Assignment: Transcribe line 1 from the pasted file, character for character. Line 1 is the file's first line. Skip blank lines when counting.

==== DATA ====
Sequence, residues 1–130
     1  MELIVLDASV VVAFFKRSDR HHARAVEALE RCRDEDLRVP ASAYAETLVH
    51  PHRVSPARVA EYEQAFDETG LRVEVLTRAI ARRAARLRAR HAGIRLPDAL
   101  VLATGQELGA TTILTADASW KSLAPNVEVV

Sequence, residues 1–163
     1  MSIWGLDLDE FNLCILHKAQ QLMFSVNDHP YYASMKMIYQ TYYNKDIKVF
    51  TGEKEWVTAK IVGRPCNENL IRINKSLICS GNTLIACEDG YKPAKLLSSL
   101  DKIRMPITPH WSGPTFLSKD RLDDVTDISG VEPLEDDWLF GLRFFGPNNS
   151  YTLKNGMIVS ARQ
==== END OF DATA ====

Sequence, residues 1–130